How to Crate Train a Dachshund Puppy

Medium
3-6 Weeks
General

Introduction

Even a small dog like a Dachshund would have his own den out in the wild. A place for him to raise his family, get away from predators, get out of the weather, and to feel safe enough with to sleep in. Dachshunds tend to have separation anxiety and training them to see the crate as their den is a very good way to help curb this problem.

The most important thing to keep in mind is that you need to keep everything about the training sessions positive. You should never use his crate as a form of punishment or he might come to view his crate in a negative way, making it all but impossible to train him successfully. Keep the pace slow and steady, but consistent if you want your pup to get used and then enjoy his new "den."

Defining Tasks

You have a somewhat challenging task ahead of you. Your pup wants to spend as much time as he can with you, on your lap, on the couch next to you, even sleeping on the bed with you (if you let him). While in the wild his desire for a den might take precedence, in your home the desire to be with you is going to make crate training him that much harder.

Rather than think about this type of training as teaching your pup to stay in his crate, there is a better option. Why not make the whole exercise one in which you are training him to see his crate as his new den rather than the wire cage that keeps him from you? By approaching the training from this position, you will find it goes more smoothly and successfully. 

Getting Started

Your Dachshund needs a crate that is big enough for him to move around in comfortably. Be sure you don’t buy one that is too big, or he may decide to use one end as his den and the other as his bathroom. Yet at the same time, you don't want one that is too small, or he won't be comfortable in it and will stay out.

To set up your pup's crate and turn it into a den, you need a nice soft piece of carpet that is easy to clean, a doggie bed, a hanging water bottle, and a few chew toys and soft toys for your pup to play with. You may also want to keep a blanket handy to cover the crate and give your pup a nice quiet place to get away from it all and nap. 

The Treat Lure Method

Effective
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Step
1
Place the treat
You can use a treat or a toy, but place it in the center of the crate. Tell your pup "Go crate" or "Go kennel." Let him go inside.
Step
2
Close the door
Close the door to the crate and find somewhere to relax for a few minutes. Hang out quietly, wait for your pup to start fussing and then let him carry on till he finally settles down and relaxes.
Step
3
Give him a treat
Once he settles down and before you let him out of his crate, praise him and give him a treat. Do this before you let him out, this lets him associate being in the crate with a positive reward
Step
4
Release your pup
Release your pup and take him outside to go potty.
Step
5
Repeat
Repeat this exercise several times a day, adding an extra five minutes to how long he stays in his crate until he can stay there when you need him to without fussing.
Recommend training method?

The Every Dog Needs a Den Method

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Step
1
Find the perfect spot
Choose the perfect spot for your pup's crate. Dachshunds are very social creatures, so be sure you place the crate out of the flow of traffic, but where your pup will still be able to interact with the rest of his family. Go ahead and cover the crate with a blanket to give it a more "den-like" feel for your pup.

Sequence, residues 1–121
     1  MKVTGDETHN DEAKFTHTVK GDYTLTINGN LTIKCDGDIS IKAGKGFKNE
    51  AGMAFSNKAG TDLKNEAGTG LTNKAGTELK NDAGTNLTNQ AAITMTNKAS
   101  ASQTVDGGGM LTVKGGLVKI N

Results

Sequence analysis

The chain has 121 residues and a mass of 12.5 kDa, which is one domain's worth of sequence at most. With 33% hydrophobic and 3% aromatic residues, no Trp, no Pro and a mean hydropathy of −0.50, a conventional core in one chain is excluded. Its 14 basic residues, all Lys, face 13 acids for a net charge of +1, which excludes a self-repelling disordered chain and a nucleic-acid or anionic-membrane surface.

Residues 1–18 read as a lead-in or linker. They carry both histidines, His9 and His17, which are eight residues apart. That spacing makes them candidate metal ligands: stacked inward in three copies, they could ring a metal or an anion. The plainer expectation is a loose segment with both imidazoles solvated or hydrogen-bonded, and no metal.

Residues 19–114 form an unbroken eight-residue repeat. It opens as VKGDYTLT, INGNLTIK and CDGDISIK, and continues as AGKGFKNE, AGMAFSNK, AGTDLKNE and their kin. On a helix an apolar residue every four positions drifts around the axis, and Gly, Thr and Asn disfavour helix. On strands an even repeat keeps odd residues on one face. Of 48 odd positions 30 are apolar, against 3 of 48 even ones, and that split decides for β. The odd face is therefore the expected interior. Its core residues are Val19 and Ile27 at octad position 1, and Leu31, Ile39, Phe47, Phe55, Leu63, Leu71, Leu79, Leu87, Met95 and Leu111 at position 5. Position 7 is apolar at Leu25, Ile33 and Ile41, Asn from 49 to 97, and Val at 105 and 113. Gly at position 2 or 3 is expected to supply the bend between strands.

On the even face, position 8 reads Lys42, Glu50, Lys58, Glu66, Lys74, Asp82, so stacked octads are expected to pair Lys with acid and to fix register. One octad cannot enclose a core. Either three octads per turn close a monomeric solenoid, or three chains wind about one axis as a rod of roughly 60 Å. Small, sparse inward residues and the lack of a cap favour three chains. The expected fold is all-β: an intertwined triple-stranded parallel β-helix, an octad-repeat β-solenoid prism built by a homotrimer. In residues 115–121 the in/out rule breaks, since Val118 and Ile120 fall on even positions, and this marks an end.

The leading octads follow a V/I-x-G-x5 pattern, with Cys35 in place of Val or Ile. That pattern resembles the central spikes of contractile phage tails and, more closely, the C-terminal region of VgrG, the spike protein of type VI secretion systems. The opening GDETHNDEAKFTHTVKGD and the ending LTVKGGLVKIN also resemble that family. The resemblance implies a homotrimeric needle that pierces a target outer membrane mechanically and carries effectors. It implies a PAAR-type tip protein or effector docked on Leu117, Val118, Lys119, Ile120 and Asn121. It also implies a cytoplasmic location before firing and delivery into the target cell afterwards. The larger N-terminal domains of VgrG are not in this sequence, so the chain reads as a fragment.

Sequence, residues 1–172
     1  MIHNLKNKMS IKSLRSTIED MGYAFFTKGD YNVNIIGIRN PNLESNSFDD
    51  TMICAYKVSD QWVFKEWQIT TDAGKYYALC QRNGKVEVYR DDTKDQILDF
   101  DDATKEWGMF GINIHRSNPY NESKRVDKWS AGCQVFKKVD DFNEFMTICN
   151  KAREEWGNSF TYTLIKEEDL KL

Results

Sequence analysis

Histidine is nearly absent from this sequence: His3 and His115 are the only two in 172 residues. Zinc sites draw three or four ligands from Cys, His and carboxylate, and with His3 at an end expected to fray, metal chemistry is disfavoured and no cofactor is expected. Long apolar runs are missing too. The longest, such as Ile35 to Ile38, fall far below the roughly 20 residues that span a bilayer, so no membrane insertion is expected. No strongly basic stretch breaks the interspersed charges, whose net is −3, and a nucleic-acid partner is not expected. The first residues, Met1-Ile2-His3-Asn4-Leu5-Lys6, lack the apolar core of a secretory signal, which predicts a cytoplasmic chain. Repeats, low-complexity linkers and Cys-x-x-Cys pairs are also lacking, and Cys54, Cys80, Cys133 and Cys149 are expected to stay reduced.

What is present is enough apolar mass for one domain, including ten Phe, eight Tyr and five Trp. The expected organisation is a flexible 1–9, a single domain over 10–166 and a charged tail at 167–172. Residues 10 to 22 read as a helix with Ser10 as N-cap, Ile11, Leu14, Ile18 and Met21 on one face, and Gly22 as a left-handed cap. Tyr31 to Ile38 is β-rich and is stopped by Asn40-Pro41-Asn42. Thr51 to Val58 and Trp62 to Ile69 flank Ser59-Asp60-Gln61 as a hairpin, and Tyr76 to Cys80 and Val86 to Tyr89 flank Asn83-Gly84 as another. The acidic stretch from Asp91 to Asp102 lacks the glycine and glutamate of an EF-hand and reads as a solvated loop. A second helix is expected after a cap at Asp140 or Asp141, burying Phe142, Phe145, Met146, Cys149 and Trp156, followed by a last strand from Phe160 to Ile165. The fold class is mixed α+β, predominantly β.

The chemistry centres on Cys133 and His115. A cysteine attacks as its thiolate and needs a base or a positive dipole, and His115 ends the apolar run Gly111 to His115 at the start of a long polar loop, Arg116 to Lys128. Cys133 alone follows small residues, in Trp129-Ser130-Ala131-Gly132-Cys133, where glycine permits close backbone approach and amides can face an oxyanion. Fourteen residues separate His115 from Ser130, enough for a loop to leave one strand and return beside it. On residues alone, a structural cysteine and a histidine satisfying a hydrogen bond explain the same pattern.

Step
2
Introductions all round
Pick up your Doxy and place him in the middle of his crate, right next to the pile of toys. Go ahead and leave him there while you close the door. Allow him time to get used to being in his crate. Do this in five-minute sessions at first, you will be working your way up later.
Step
3
Please release me, let me go……..
Your dog is going to do everything in his power both verbally and physically to convince you to let him out. That's fine, let him do his best. But, under NO circumstances should you let him out unless he is actually hurting himself.
Step
4
When he finally stops
When your pup finally stops, and he will, give him a moment to settle down then give him a treat and praise him. When he is all done with it, open up and run him straight out to the yard so he can pee.
Step
5
Oh, won't you stay just a little bit longer
Keep repeating this training, adding five minutes to the time between when he stops fussing and when you release him. With practice, your pup will learn to go into his kennel on command and stay there quietly until you release him.
Recommend training method?

The Treat Toss Method

Effective
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Step
1
Locate his crate
Place your pup's crate in a central location where the whole family can interact with him. Either remove the door or tie it back.
Step
2
Show your pup the treats
Show your pup the treats, let him get a good sniff, but do not give it to him.
Step
3
Toss the treats
Sit back and toss a treat or two in the crate and give him the "Crate" or "Kennel" command. When he goes in, let him have the treat and give him a lot of praise. You can even give him another treat if you want to.
Step
4
Give him room
Take a couple steps back and give your pup room to walk out of his crate. As he walks out, use a cue word like "Out" and praise him, but no treat. You want him to see going in the crate as the way he is rewarded with a treat, not coming out.
Step
5
Keep working it
Continue repeating these training methods, adding more time in small increments until your pup has learned to remain quietly in his crate or den for up to several hours a day.
Recommend training method?

Success Stories and Training Questions

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